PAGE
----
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    If I can obtain them fresh I really enjoy some German brewed Hefeweizen beers: Weihenstephan, Ayinger, ….

    There are a number of very good American craft brewed Hefeweizens:


    A number of very good US craft brewed Hefeweizen beers have been mentioned (e.g., Live Oak, Sierra Nevada, etc.). Below is a list of some of the other quality US craft brewed Hefeweizen beers that I posted in another thread:

    And:

    · Troegs DreamWeaver Wheat (2012 GABF Gold Medal winner)
    · Stoudt’s Heifer-in-Wheat (2010 GABF Gold Medal winner)
    · Sly Fox Royal Weiss
    · Victory Sunrise Weiss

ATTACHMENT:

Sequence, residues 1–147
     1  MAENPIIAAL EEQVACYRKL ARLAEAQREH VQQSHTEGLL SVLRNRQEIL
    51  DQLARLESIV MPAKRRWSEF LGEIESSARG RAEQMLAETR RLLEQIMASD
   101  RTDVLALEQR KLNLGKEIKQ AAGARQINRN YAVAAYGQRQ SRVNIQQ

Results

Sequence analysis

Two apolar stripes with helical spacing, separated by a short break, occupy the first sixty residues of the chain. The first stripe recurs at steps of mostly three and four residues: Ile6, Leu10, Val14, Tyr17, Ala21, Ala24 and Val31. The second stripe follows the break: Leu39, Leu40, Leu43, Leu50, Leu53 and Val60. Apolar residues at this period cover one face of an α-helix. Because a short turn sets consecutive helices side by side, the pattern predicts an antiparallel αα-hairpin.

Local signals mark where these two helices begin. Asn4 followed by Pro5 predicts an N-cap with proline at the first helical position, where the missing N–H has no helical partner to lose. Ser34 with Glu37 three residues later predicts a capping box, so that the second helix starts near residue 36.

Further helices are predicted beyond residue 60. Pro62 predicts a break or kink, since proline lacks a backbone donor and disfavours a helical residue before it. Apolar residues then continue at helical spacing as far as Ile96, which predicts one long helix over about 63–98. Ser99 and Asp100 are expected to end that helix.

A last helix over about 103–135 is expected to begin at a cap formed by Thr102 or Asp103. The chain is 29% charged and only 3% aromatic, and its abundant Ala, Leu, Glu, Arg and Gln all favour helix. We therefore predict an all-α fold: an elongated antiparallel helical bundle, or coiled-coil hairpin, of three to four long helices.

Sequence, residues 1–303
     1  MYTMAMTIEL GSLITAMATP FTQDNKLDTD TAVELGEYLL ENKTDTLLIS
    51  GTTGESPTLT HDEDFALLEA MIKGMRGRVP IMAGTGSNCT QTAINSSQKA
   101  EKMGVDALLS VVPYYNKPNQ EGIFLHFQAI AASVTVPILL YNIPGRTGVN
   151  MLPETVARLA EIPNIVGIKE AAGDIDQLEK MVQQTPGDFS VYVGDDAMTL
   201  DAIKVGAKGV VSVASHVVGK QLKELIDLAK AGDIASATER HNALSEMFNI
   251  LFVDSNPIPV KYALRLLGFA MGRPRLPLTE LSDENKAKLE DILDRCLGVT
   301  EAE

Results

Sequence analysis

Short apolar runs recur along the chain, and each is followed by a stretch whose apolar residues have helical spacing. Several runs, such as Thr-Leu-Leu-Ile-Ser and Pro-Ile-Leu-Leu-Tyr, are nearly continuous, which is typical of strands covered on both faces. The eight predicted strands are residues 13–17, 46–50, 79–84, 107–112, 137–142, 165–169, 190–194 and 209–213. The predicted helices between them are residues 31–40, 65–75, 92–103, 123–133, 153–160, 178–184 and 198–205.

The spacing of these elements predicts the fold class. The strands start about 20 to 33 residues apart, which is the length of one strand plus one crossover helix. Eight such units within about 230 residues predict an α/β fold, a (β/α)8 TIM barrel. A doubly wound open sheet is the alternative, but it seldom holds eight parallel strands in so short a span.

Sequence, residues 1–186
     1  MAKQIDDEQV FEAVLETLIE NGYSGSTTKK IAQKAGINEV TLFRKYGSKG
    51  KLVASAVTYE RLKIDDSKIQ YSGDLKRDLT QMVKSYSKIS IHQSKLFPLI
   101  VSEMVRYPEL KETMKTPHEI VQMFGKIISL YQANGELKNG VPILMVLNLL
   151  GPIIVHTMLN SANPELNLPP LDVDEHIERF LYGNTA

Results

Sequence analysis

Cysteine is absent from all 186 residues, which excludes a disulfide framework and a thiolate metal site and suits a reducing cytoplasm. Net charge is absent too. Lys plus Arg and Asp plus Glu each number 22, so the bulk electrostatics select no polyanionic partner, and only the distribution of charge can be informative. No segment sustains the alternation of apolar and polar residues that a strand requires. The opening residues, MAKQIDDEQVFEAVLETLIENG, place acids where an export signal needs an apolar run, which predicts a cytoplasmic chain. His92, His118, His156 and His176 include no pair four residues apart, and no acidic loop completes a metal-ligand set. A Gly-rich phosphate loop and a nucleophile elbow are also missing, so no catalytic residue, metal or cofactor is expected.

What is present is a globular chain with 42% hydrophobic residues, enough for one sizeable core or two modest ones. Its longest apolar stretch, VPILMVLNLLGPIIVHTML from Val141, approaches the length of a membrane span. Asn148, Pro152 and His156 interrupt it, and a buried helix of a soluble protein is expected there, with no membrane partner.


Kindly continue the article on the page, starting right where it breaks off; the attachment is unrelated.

· Etc.

    Cheers!
     
  17. fsimcox

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    I really enjoyed König Ludwig Weissbier, and Paulaner Hefe-Weißbier. Can't go wrong with Weihenstephaner, and I took a liking to Valentins Weissbier from Park. I always seemed to drink Hacker-Pschorr when in Garmisch. Never seemed to take a liking to Maisel's? But my go to hefe is without a doubt Franziskaner!
     
  18. steveh

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    Correcting myself -- found some old Optimator labels and I see they have the 7.2% ABV on them.
     
  19. Wetpaperbag

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    Weihenstephaner's Hefe.
    But if I was going to pick something that was a better wheat beer, in this case a weizenbock, I would have to go with Weihenstephaner's Vitus. Tastes, looks, and smells just like their Hefe, only better.
     
  20. UCLABrewN84

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    Weihenstephaner.
     
  21. devlishdamsel

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    ON TAP! I feel like all weiss and witt biers need to be on tap and as fresh as possible to be sublime!